|Photo Credit: Ian Schneider|
1. Pause and reflect on the intent: I (MF) like to be seen as efficient, organized, and attentive to time. If I criticize Tom for being late, implying he is lazy or irresponsible it will likely not go well. If my focus is on Tom: "Gee, I'm glad you're home! It must have been a long day," he is aware of my empathy and compassion from the very beginning. With this as my focus, I am less likely to come across as coercive or judgmental.
2. Ask Permission: If I have taken a moment to pause and reflect on whose needs might be met -- mine or Mary Frances, it would follow that I would seek permission. "Would you mind some feedback?" If I Ass-u-me Mary Frances wants feedback I could land my A _ _ in hot water.
3. Be Positive: I try to be encouraging, kind and compassionate. If I sense Mary Frances is stressed because she has taken on too much I might offer to help. "I know you have a lot on your plate, perhaps we can work on this together?" This is much more effective than "I guess you will never learn!" Instead of my focus on 'fixing' Mary Frances, I turn my intent and my heart to 'helping' her.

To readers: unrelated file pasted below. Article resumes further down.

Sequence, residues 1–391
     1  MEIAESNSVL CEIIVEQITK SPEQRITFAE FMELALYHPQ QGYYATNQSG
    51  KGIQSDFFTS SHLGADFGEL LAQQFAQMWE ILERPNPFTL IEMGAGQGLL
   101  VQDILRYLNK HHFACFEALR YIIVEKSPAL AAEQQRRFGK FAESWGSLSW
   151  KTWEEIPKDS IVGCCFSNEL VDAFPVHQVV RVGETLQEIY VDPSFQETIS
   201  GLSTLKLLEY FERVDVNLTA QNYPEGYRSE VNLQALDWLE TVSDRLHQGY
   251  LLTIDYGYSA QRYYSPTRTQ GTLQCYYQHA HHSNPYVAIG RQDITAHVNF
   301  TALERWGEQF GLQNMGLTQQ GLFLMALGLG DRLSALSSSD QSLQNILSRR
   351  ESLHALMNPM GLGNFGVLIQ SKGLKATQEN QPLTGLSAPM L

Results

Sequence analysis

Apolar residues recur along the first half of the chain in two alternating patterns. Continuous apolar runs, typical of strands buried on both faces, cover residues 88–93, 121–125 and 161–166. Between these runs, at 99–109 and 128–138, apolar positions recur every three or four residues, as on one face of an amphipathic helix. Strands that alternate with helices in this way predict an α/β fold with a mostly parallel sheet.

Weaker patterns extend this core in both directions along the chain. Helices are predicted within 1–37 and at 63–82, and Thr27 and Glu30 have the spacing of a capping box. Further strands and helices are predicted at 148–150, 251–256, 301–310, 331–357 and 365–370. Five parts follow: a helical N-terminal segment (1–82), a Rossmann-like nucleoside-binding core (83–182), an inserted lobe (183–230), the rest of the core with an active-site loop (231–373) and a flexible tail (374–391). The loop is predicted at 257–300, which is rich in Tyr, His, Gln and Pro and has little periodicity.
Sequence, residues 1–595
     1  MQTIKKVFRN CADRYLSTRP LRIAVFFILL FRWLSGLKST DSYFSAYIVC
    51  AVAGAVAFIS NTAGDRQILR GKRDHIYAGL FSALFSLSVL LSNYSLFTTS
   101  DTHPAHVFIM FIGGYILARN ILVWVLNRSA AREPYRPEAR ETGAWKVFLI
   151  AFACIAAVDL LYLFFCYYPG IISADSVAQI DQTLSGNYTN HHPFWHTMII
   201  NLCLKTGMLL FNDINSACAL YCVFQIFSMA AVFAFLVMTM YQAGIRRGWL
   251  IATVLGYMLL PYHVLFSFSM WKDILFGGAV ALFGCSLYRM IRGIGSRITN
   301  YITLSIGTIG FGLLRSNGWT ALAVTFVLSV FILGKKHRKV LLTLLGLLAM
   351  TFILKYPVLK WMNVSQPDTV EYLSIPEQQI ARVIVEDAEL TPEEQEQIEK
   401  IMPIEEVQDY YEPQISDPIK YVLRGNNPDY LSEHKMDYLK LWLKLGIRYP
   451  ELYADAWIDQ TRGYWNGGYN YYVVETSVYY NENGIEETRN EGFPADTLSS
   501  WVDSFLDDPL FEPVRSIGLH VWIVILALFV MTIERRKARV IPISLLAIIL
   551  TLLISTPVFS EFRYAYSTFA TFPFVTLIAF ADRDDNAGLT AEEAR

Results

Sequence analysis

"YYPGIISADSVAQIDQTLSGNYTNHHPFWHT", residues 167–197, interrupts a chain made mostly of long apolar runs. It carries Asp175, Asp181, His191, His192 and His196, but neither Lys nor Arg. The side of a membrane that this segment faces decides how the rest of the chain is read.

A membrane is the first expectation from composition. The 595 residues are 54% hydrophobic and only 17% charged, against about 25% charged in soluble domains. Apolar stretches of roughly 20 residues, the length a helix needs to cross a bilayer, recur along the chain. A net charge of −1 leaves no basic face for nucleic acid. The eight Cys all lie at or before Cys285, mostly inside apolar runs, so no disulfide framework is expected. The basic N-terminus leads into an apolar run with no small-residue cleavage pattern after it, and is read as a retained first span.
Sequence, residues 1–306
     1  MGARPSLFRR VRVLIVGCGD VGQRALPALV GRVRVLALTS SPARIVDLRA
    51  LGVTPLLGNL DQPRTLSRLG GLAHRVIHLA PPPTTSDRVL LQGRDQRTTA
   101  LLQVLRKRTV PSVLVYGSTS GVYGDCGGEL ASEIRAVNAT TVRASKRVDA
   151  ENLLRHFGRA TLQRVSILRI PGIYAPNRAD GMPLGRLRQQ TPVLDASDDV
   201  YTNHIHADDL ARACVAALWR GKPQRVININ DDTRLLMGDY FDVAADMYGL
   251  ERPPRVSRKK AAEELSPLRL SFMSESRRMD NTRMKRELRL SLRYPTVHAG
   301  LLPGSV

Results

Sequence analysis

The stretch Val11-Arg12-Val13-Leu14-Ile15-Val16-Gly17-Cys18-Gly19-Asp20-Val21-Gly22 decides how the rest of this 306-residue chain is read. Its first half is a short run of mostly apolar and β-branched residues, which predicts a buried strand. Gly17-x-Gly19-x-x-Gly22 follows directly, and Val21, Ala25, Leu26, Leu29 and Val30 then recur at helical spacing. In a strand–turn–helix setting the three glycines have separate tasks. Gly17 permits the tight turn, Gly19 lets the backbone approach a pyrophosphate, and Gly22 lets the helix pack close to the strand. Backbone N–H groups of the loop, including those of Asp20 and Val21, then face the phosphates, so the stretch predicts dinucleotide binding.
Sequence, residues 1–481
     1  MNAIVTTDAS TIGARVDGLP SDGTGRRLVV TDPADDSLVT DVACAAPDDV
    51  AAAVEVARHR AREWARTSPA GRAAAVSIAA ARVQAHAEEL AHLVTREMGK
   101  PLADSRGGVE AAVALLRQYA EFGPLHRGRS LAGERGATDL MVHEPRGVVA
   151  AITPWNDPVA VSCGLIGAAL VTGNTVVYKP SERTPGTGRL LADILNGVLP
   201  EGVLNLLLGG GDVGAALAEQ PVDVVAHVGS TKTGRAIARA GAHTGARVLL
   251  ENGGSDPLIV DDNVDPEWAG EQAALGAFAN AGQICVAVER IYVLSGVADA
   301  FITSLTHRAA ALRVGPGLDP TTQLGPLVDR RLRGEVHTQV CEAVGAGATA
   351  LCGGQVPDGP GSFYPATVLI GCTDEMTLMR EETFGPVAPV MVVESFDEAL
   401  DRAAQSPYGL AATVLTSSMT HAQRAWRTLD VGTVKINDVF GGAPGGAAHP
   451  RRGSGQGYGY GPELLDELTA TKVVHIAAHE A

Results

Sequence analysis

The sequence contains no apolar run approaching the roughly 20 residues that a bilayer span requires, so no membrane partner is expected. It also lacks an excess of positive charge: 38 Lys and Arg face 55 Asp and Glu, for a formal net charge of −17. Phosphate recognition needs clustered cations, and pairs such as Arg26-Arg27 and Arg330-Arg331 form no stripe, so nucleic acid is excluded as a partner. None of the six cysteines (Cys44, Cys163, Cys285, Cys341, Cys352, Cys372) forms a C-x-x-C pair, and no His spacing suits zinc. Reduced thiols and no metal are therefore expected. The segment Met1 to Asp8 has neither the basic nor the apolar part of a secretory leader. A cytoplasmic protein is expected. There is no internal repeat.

4. Focus on the Present Situation: Absolutes like: "You always" and "You never" are simply not true and certainly not pertinent to the present situation. Keeping my focus on Tom's fatigue when he arrives home late keeps me from blame and criticism and builds trust. It can set the table for conversation when we are both rested and at our best.
5. Keep it Practical: Focus on specific ways to improve, perhaps prioritizing, simplifying, asking for help. The key here is conversation and not a lecture. Ask questions. How can I help? Is there something I can do for you before I leave the office? Keep it within the realm of your relationship, accepting limitations and pulling to each of your strengths. Our focus is a joint effort at moving forward, helping each other discover new ways to grow.
|Photo Credit: Azrul Aziz|